- Book Reviews
- About me
Welcome to the online home of Tim Challies, blogger, author, and book reviewer.
December 10, 2006
I’ve run across the name “Bishop Jordan” a few times recently, so decided to look into this man a little bit to see what he is all about. So if you are interested, here is a quick rundown.
Bishop E. (Elijah) Bernard Jordan is a self-appointed “Master Prophet” who is founder and Senior Pastor of Zoe Ministries which is located in Brooklyn, New York. He has a television show that appears regularly on B.E.T. and a couple of other television networks. The show features well known personalities like Rev. Run (a.k.a. Joseph Simmons, one of the founders of the rap group Run-D.M.C and star of the MTV reality show, Run’s House) who was ordained to the ministry by Jordan. There are also frequent appearances by Al Sharpton and by Mark Victor Hansen, who co-authored the Chicken Soup for the Soul series of books (now totaling almost 200 titles with something like 100 million book sold). Jordan claims to be able to bring direct revelation from God to others.
J.R. Taylor of the New York Press, who recently attended a $500-a-plate breakfast hosted by Jordan, quotes the following as examples of the bishop’s prophecies: “I will bring judgment through a new sound in the earth that will silence the voices of past recording artists. This will be known as New Wave music.” “The days will come that you will see hospital stations filled up with men and women getting shots to place protein in their body. Great will be the industry of nuts in this hour.” After watching a couple of episodes of his show, I can attest that these are typical prophecies. He claims to have predicted almost every meaningful event in the last decade.
Jordan is a prophet-for-hire, dispensing his prophecies to those who are willing to pay his price. He defends this practice in this way: “Whenever you approach a prophet, bring a gift with you. The power of your seed increases when you are willing to release it into the hands of a prophet. Throughout the Scripture, you will find that wise individuals never approached the man or woman of God empty-handed. They understood that the gift of their offering would multiply in the hands of a prophet, and they were more than eager to release their seed.”
As for those who feel that this prophet is a false prophet, he says this: “Murmuring is a serious matter to God, for it questions His choice and His intelligence. It makes mockery of God’s wisdom, and those who indulge in slander place their thoughts and opinions above those of God Himself. The exaltation of your opinion can be lethal when you are dealing with anointed vessels.”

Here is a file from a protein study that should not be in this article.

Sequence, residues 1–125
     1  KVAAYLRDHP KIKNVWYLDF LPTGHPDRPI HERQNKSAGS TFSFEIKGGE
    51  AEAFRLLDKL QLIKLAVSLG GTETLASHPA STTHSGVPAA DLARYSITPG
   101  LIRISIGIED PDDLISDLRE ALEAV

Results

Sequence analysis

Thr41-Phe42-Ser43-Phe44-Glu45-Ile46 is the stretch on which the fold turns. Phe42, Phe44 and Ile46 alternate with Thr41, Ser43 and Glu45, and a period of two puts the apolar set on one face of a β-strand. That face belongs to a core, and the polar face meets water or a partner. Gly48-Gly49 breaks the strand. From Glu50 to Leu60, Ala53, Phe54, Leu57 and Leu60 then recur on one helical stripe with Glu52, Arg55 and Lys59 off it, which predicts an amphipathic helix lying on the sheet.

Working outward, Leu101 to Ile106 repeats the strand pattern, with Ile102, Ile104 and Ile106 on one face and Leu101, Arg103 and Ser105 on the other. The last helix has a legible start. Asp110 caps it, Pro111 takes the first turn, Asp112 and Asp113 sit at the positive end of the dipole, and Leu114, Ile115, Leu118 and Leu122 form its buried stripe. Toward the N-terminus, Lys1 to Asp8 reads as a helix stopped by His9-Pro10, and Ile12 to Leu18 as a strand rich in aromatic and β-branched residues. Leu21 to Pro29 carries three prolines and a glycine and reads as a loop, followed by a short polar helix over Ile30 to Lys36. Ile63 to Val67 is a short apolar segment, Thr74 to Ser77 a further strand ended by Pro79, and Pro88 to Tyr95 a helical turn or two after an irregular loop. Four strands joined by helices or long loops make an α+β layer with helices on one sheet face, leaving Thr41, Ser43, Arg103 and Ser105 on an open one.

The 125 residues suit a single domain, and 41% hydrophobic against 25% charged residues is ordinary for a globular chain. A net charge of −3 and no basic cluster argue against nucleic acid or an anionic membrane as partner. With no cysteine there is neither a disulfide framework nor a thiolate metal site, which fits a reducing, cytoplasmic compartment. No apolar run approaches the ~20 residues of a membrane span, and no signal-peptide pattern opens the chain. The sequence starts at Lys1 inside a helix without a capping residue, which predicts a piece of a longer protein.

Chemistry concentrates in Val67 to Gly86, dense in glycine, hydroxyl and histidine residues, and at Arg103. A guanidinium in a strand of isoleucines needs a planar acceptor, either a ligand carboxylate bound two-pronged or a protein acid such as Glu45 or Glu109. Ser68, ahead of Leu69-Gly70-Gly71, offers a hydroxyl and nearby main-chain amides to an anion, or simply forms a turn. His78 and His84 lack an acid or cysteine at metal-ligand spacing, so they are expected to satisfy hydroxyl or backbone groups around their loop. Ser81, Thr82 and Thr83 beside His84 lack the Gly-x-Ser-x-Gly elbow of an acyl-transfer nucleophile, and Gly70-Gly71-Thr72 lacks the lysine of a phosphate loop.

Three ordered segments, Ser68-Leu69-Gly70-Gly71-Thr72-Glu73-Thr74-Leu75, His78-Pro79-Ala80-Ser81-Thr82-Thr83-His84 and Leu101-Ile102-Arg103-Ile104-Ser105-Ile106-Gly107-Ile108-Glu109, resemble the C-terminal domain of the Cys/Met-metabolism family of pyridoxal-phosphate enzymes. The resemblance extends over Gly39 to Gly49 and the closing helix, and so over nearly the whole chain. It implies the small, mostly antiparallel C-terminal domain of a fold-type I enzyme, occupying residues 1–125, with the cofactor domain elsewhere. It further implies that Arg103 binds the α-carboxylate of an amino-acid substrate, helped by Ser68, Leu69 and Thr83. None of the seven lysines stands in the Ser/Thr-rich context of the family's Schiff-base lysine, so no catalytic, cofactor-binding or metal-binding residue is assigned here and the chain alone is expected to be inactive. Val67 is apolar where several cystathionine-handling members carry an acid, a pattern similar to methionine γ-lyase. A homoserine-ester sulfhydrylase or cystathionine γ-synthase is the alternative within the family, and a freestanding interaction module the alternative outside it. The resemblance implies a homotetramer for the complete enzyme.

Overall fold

I applied for a free prophecy through his site and was told “Thank you for connecting with the Master Prophet and requesting your free prophecy. You will receive a letter from me within the next 7 days, containing your personal prophetic word as spoken to me by the Holy Spirit. God Bless You.” I suppose my prophecy will show up next week. If what I hear is to be believed, he will soon be looking for several hundred dollars for any further personalized prophecies.
Jordan is willing to teach prophecy to others through his Prophecology Courses and Conferences. For a seed of $3000 anyone can “experience the benefits of
prophetic coaching, direction, and guidance” as part of the Prophetic Inner Circle. He lives in a $3.6 million, 27-room mansion in the wealthy Tuxedo Park area of New York. He has a considerable collection of luxury cars and his ministry owns several expensive properties. The house is decorated in a strange way.
After moving in, the bishop commissioned a team of Russian artists to paint elaborate art work on the walls and ceilings of the first floor, a job that took two to three years. Egyptian-themed murals cover the walls of the great room: ancient Egyptians hunting, fishing, moving a sarcophagus. One shows Jordan on a throne, as pharaoh.
Nearby, in a room with scarlet walls and gilded filigree on top, there is a ceiling painting of Jordan on a throne - as God - with his three sons hovering around him as angels. On the ceilings in the foyer and another room, there are baroque-style paintings of his children as cherubim, soaring across the heavens.
None of this quite compares to the living room.
Here, the four walls are covered with murals depicting New Testament scenes, each with Jordan as Jesus in the familiar iconography of medieval and Renaissance art. Two scenes show the Ascension: Jesus/Jordan ascending into heaven after rising from the dead. For a Nativity scene, the artists used Jordan’s baby picture to depict Jesus/Jordan in the manger.
Dozens of people in biblical garb crowd around Jesus/Jordan in each scene. For each figure, the artists reproduced from photos the faces of the 200 or so people who paid for the $1 million renovation of the mansion. Run, who bought the huge chandelier hanging in the center of the room, is there in the crowd. So is Sharpton.
“These are the people who believed in what we’re doing,” Jordan says. “This is our way of saying thank you to them and immortalizing them.”
So all-in-all, it seems that Jordan is just another in a seemingly endless line of shysters and charlatans that feign godliness in order to further their pursuit of wealth. Needless to say, you’d be best off avoiding this unscrupulous character.